Monthly Archives: December 2012

Companies Die, Cities Thrive

“It’s hard to kill a city,” West began, “but easy to kill a company.” The mean life of companies is 10 years. Cities routinely survive even nuclear bombs. And “cities are the crucible of civilization.” They are the major source of innovation and wealth creation. Currently they are growing exponentially. “Every week from now until 2050, one million new people are being added to our cities.”

That’s from the intro to Geoffrey West’s Long Now seminar “Why Cities Keep on Growing, Corporations Always Die, and Life Gets Faster”.

Kevin Kelly summarized it in this way:

All organisms (and companies) have share many universal laws of growth. Creatures age in the same way, whether they are small animals, large mammals, starfish, bacteria, and even cells. They share similar metabolic rates. Similar distributions. All ecosystems (and cities) also share universal laws. They evolve and scale in a similar fashion among themselves — whether they are forests, meadows, coral reefs, or grasslands, or villages.

Geoff West from the Santa Fe Institute has piles of data to prove these universal and predictive laws of life. For instance, organisms scale in a 3/4 law. For every doubling in size, they increase in other factors by less than one, or .75. The bigger the organism, the slower it goes. Both elephants and mice have the same number of heartbeats per lifespan, but he elephant beats slower.

Ecosystems and cities, on the other hand, scale by greater than one, or 1.15. Every year cities increase in wealth, crime, traffic, patents, pollution, disease, infrastructure, and per capita by 15%. The bigger the city, the faster it goes.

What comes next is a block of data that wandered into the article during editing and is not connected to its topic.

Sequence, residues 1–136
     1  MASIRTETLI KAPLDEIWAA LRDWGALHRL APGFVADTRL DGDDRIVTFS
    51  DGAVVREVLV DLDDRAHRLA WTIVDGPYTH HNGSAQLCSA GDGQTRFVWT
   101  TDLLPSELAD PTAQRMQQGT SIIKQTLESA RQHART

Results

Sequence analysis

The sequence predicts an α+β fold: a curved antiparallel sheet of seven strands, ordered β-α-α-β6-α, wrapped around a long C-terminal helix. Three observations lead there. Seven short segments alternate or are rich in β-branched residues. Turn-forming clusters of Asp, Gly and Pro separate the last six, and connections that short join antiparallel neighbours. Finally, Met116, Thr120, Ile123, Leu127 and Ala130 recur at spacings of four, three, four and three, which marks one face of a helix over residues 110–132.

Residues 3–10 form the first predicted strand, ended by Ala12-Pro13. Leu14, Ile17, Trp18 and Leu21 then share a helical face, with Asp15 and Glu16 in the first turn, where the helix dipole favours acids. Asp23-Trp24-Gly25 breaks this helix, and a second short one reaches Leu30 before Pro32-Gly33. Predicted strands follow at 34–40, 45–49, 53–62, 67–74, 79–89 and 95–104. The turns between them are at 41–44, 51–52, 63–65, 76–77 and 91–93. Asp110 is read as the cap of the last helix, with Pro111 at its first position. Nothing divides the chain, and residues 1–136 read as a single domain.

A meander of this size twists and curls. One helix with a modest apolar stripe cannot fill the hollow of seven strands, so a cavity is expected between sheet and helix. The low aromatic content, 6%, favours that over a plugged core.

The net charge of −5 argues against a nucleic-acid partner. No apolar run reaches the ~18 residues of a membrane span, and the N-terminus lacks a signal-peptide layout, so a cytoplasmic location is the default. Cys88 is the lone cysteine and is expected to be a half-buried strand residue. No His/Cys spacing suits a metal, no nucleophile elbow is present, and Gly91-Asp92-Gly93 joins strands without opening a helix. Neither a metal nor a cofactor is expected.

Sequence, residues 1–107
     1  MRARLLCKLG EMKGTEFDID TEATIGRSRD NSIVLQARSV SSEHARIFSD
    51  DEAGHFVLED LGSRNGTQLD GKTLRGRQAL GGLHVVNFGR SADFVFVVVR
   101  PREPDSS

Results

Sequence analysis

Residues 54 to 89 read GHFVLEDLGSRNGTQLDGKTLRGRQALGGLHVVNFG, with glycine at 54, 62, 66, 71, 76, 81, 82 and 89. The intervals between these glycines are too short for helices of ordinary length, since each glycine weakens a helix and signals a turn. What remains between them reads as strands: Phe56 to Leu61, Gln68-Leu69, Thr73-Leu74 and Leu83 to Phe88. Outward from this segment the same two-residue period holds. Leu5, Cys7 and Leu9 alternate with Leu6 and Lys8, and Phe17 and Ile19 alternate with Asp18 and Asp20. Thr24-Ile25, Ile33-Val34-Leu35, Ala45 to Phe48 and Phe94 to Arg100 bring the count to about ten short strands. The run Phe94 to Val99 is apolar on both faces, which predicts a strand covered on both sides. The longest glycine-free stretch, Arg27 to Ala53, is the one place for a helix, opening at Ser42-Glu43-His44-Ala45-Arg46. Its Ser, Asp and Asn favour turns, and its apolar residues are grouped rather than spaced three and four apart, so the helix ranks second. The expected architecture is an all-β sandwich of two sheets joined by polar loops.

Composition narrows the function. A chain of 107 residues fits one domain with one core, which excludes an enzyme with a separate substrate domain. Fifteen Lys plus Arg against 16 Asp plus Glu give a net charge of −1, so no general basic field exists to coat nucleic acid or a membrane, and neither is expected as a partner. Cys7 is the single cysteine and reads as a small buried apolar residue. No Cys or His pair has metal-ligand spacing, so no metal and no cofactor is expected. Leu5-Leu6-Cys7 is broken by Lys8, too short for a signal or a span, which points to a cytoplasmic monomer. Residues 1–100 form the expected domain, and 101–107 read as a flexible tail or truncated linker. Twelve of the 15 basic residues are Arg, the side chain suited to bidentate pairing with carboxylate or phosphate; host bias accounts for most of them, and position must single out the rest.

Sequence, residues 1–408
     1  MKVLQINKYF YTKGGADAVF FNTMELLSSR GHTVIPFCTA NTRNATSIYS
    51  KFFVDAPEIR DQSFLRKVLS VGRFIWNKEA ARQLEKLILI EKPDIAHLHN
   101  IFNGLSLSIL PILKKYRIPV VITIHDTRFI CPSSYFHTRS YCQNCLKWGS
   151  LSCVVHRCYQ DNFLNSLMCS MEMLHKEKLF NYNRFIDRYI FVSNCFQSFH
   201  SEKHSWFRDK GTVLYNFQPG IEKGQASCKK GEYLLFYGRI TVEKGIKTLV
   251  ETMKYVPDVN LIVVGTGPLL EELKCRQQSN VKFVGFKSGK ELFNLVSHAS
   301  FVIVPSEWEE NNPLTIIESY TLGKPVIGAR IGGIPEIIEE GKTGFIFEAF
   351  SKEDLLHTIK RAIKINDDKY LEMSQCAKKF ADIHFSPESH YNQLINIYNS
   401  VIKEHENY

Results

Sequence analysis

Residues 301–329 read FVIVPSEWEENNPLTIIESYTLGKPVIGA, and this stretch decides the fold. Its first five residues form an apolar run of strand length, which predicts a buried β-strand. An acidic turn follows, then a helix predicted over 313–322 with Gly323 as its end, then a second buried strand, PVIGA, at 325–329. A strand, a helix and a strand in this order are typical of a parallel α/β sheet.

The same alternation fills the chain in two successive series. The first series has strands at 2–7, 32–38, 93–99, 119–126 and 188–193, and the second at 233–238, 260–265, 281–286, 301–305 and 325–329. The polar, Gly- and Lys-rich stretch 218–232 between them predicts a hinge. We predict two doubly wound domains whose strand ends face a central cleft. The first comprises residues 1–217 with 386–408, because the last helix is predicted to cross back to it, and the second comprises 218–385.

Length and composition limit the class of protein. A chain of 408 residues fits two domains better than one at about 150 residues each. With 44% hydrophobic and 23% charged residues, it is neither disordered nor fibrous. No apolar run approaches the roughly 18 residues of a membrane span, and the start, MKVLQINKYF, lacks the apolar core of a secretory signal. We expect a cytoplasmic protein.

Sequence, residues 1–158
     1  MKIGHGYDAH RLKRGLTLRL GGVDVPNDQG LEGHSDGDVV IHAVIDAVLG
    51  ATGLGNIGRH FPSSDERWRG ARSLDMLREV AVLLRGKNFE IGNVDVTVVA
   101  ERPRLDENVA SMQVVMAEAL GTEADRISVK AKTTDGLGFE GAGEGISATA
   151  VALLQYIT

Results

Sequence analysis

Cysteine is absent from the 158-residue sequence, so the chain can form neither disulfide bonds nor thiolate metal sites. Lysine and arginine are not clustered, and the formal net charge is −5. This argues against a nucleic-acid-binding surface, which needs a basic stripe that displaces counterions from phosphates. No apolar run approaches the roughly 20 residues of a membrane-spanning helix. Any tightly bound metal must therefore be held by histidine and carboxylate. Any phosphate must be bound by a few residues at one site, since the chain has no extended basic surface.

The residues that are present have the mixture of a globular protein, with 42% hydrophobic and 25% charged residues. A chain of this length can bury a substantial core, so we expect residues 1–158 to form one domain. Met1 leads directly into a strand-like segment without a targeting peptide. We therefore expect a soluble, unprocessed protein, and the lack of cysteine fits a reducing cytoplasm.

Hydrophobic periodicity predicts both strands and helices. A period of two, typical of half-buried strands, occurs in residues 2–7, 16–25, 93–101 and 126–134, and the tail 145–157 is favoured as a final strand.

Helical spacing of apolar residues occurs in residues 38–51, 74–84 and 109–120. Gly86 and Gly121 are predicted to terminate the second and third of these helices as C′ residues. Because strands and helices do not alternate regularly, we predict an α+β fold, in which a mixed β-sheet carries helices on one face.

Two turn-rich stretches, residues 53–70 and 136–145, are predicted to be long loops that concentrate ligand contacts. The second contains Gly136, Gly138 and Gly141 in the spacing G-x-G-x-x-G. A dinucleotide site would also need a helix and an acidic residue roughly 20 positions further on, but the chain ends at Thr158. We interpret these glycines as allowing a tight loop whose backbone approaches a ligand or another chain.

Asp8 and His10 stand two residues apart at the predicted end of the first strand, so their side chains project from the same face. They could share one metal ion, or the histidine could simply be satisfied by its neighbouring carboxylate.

Geoff’s talk is worth a listen, especially as you consider how companies grow and evolve over timespans measured in decades, not years or rounds of funding.

Zach Holman writes on how chat is superior to meetings for most things that businesses do. From the description, Github sounds extremely similar to how Automattic operates. We’ve been going a slightly different direction though: after 7 years of essentially no meetings, many teams have started to incorporate more regular Google Hangouts in addition to their few-time-a-year in-person meetups. I’m curious to see how these evolve, right now my theory is these are largely to restore some of the social connectedness you lose when working remotely, with the pleasant side benefit of occasionally knocking out issues or decisions that high-bandwidth communication can facilitate better.

In the past on there’s been a big gap between Pro, which costs around $100 a year, and VIP, which starts around $60,000 a year. Now it’s been partially filled, and we’re calling the new service Enterprise. You get 90% of the benefit of VIP — scalability, security, upgrades, 70+ audited plugins, full JavaScript access — for 10% of the cost, or about $500 a month. I think Enterprise is a perfect fit for many higher-end and business sites. Full speed ahead, number one.